At that point, House and Pete struck a deal with them for a ransom of 14 500 lira – or USD 63 800. This happened on the ninth day after the band had hidden in Vlahi.
The head of the American Protestant Missionaries in Thessaloniki, John House, was the original target of the abduction plot. He was later instrumental in completing successfully the talks for the ranson and the release.
The Happy End
On January 31, 1902, Sandanski and Asenov met with House in Bansko. House brought the money after he withdrew it from the account of the US State Department in the Ottoman Bank branch in Thessaloniki. He was accompanied by 250 Turkish soldiers.
Sandanski brought a letter from Miss Stone, explained to House that the entire abduction was "for a good cause", and demanded that the Turkish soldiers withdraw before the ransom is delivered.
The Turkish officers refused. As a result, Sandanski and House fashioned a plan to trick them.
Apparently, House was suffering from the same Stockholm Syndrome that Miss Stone had – the American missionaries as a whole are recorded to have supported wholeheartedly the Bulgarian causes in the late 19th century and early 20th century.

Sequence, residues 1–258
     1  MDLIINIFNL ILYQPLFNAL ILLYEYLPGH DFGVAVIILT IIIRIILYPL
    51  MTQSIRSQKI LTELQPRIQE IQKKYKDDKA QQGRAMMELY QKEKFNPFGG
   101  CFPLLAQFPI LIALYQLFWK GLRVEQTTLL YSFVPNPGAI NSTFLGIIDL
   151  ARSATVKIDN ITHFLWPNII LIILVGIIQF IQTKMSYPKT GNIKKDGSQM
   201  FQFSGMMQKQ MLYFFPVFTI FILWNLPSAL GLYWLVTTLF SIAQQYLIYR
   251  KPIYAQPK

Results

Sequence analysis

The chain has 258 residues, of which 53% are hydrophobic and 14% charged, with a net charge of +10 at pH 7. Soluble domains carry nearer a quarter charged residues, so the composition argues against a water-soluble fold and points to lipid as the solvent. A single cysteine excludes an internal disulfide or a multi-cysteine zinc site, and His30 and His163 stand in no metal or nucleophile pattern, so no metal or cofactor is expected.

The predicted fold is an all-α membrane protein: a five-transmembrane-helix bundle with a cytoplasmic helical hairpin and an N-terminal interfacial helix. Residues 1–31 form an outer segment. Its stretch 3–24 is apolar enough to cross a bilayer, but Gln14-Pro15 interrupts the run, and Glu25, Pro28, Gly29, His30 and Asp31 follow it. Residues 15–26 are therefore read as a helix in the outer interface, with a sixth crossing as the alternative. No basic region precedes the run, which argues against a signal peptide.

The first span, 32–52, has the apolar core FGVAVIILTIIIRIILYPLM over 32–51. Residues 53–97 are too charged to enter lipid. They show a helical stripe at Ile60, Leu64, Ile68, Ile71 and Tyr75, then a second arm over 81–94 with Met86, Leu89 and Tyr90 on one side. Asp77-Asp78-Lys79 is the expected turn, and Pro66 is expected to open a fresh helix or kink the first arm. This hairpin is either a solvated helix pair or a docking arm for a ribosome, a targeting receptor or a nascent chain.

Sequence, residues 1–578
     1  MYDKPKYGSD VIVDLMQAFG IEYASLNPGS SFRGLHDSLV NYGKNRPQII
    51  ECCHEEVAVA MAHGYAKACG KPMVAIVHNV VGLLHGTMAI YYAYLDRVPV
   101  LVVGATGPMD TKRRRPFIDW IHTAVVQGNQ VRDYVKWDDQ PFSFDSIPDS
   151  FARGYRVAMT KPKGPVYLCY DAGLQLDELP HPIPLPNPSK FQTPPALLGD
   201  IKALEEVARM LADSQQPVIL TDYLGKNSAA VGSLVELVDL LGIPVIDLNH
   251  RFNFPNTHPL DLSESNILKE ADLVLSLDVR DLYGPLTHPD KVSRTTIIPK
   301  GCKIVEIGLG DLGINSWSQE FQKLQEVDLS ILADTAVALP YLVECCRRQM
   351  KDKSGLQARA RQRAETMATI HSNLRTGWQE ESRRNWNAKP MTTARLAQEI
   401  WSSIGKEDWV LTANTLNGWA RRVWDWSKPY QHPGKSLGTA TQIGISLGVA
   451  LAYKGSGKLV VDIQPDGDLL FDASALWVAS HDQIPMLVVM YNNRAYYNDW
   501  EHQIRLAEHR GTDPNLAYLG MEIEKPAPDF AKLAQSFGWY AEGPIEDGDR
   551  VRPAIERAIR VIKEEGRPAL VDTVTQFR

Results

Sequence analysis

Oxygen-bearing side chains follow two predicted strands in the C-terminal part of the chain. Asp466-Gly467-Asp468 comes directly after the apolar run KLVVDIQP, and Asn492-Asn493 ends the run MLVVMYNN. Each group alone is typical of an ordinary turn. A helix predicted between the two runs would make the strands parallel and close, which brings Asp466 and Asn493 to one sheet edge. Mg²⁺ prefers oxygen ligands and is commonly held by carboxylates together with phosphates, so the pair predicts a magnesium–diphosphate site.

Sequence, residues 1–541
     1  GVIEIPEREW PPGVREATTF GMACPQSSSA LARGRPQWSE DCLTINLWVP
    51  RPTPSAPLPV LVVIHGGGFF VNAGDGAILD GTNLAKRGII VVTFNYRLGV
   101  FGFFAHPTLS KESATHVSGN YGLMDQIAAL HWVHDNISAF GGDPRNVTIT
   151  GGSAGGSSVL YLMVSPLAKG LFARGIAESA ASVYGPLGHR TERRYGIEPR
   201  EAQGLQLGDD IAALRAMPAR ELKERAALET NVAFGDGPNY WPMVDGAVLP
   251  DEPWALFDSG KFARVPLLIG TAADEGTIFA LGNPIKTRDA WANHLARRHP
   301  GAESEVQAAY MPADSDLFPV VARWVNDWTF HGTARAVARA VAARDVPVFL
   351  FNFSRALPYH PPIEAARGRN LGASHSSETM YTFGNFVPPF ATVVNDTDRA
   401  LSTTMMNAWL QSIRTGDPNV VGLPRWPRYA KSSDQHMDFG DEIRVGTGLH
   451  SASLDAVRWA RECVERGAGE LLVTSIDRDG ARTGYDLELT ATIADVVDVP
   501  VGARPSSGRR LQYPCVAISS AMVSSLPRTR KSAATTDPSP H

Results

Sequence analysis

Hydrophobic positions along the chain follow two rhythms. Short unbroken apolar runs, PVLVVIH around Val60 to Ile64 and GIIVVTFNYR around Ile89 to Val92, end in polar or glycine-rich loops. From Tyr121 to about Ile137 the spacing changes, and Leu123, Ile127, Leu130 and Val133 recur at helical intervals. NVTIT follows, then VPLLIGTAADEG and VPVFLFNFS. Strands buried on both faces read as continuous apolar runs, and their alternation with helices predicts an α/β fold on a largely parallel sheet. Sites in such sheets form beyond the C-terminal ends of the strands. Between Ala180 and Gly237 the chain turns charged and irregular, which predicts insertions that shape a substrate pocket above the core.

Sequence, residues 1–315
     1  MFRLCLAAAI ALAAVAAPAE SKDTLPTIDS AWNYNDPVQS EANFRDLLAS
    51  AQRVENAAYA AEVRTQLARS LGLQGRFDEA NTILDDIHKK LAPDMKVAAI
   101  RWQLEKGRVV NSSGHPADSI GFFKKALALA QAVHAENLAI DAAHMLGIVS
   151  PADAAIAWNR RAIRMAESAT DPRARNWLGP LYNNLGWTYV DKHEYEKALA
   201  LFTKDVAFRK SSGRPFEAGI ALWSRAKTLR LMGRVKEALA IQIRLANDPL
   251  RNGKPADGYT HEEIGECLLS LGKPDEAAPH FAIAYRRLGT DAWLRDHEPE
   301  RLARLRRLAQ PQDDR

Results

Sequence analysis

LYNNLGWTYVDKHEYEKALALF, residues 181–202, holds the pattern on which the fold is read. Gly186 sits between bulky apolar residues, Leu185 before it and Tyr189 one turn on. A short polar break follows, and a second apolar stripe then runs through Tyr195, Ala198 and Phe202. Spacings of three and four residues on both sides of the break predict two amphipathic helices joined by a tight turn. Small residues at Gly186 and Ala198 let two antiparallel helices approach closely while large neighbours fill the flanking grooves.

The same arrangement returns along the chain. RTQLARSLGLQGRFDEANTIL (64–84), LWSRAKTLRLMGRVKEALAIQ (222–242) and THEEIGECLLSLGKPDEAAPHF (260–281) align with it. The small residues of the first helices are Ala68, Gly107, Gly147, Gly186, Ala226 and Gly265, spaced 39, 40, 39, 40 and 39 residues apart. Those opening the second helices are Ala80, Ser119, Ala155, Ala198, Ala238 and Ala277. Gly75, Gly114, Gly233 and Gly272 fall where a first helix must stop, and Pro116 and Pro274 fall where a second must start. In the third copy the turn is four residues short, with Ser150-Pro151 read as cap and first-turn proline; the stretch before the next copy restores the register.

Sandanski and House told the Turks they agreed to make the transfer in another town to the south but House delivered the money secretly in his pockets to other Protestants in Bansko, from where Sandanski picked it up. The two must have gone back and forth many times since the gold coins weighed a total of 105 kg.
House put bullets in the emptied chests and revealed the truth to the Turkish authorities only when they reached the supposed transfer site.
Miss Stone and Tsilka were released on February 23, 1902, near Strumitsa, after spending 173 days in captivity.
Aftermath of the First Modern Hostage Crisis in American (and Bulgarian) History